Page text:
A few years ago a friend turned me on to a radio series called Sound Portraits. There were shows on ghetto life, Bowery flophouses, and the guy who repairs the Cyclone on Coney Island. But the one that really gripped me was called Witness to an Execution.
Here's the intro from the Sound Portraits website:
"Witness to an Execution tells the stories of the men and women involved with the execution of deathrow inmates at the Walls Unit in Huntsville, Texas. Narrated by Warden Jim Willett, who oversees all Texas executions, Witness to an Execution documents, in minute-by-minute detail, the process of carrying out an execution by lethal injection. Most of the Texas Department of Criminal Justice employees interviewed have witnessed over one hundred inmates be put to death. One-third of all executions in the US have taken place in Texas, since the death penalty was reinstated in 1977.
The voices in Witness to an Execution tell a rare story. Major Kenneth Dean, a member of the "tie-down" team, describes the act of walking an inmate from his cell to the death chamber. Jim Brazzil, a death house chaplain who has witnessed 114 executions, remembers inmates' last words to him. Former corrections officer Fred Allen discusses his own mental breakdown, caused, he says, by participating in one too many executions.
Witness to an Execution won a Peabody Award in 2000."
Listen, weep, and tell me Fred Allen is not by far the sanest one of that bunch.
And if you've a mind to, check out as well Tolstoy's 1899 novel Resurrection, about the abysmal Russian prisons and man's (obviously continuing) injustice to man:
He hoped to find an answer to this question in books, and bought all that referred to it. He got the works of Lombroso, Garofalo, Ferry, List, Maudsley, Tard, and read them carefully. But as he read he became more and more disappointed. It happened to him as it always happens to those who turn to science not in order to play a part in it, nor to write, nor to dispute, nor to teach, but simply for an answer to an every-day question of life. Science answered thousands of different very subtle and ingenious questions touching criminal law, but not the one he was trying to solve. He asked a very simple question: "Why, and with what right, do some people lock up, torment, exile, flog, and kill others, while they are themselves just like those whom they torment, flog, and kill?" And in answer he got deliberations as to whether human beings had free will or not. Whether signs of criminality could be detected by measuring the skulls or not. What part heredity played in crime. Whether immorality could be inherited. What madness is, what degeneration is, and what temperament is. How climate, food, ignorance, imitativeness, hypnotism, or passion act. What society is. What are its duties, etc., etc.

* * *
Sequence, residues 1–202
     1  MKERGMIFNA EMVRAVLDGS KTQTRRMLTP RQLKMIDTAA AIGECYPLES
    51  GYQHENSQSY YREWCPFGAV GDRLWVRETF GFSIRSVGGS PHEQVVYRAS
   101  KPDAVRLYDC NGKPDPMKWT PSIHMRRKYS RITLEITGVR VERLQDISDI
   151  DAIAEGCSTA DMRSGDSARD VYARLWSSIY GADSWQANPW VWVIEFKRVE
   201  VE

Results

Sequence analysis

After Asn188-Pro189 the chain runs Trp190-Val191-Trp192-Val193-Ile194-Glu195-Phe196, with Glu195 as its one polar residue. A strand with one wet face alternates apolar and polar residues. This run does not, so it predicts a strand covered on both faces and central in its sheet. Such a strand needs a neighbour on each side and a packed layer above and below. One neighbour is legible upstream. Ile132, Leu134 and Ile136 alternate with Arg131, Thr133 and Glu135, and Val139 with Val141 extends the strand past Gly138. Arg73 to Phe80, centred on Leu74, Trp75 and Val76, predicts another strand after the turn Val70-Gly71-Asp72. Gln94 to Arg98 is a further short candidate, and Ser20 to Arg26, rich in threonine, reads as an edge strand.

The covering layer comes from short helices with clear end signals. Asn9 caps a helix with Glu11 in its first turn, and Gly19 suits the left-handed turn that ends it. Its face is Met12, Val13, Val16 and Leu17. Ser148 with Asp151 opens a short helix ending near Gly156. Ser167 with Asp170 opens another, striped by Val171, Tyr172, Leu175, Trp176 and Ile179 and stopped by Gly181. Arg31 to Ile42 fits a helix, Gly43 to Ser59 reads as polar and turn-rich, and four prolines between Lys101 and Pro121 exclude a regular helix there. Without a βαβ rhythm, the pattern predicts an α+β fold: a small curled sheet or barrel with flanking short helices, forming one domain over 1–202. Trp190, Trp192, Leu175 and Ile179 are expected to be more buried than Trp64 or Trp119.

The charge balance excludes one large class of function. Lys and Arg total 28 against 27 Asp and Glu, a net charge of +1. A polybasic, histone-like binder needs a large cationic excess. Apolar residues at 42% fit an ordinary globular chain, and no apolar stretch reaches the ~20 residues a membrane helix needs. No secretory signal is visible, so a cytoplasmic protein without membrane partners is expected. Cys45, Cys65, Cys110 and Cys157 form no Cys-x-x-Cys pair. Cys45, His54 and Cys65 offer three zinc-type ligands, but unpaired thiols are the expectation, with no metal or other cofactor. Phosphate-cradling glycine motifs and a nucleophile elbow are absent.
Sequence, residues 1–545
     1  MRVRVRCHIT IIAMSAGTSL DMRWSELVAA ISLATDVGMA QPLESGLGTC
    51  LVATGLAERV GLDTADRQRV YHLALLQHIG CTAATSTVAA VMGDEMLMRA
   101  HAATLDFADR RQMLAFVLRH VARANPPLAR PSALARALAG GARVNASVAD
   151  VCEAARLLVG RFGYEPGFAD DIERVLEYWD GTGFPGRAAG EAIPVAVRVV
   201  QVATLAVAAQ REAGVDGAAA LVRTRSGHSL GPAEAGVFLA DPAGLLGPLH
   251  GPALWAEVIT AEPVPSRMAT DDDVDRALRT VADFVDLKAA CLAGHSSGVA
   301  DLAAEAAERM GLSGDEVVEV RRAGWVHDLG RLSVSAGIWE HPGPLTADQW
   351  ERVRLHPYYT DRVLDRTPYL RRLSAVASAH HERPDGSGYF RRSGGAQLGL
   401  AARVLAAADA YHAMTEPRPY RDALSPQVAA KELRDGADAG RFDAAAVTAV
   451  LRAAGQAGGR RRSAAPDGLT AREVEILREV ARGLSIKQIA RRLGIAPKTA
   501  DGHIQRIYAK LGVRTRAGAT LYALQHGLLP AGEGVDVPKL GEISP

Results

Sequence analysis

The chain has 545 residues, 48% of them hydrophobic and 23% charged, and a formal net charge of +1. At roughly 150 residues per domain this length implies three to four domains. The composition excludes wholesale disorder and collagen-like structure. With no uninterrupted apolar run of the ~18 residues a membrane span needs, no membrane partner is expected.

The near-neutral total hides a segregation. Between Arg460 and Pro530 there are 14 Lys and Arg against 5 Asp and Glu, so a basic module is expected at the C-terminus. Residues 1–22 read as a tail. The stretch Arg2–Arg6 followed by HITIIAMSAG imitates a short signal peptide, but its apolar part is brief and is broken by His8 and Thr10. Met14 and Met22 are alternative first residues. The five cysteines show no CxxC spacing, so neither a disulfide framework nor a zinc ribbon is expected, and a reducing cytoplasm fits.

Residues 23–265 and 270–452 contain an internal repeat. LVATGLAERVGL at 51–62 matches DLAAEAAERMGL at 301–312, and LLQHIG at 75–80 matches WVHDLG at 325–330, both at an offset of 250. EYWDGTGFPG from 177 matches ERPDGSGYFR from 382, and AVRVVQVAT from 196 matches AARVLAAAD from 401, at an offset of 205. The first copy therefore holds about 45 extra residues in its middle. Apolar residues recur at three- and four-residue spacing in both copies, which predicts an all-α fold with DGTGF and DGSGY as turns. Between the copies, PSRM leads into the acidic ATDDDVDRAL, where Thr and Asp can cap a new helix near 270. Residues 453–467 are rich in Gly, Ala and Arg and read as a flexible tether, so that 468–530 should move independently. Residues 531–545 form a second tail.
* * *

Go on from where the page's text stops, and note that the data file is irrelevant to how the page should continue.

These disquisitions reminded him of the answer he once got from a little boy whom he met coming home from school. Nekhludoff asked him if he had learned his spelling.
"I have," answered the boy.
"Well, then, tell me, how do you spell 'leg'?
"A dog's leg, or what kind of leg?" the boy answered, with a sly look.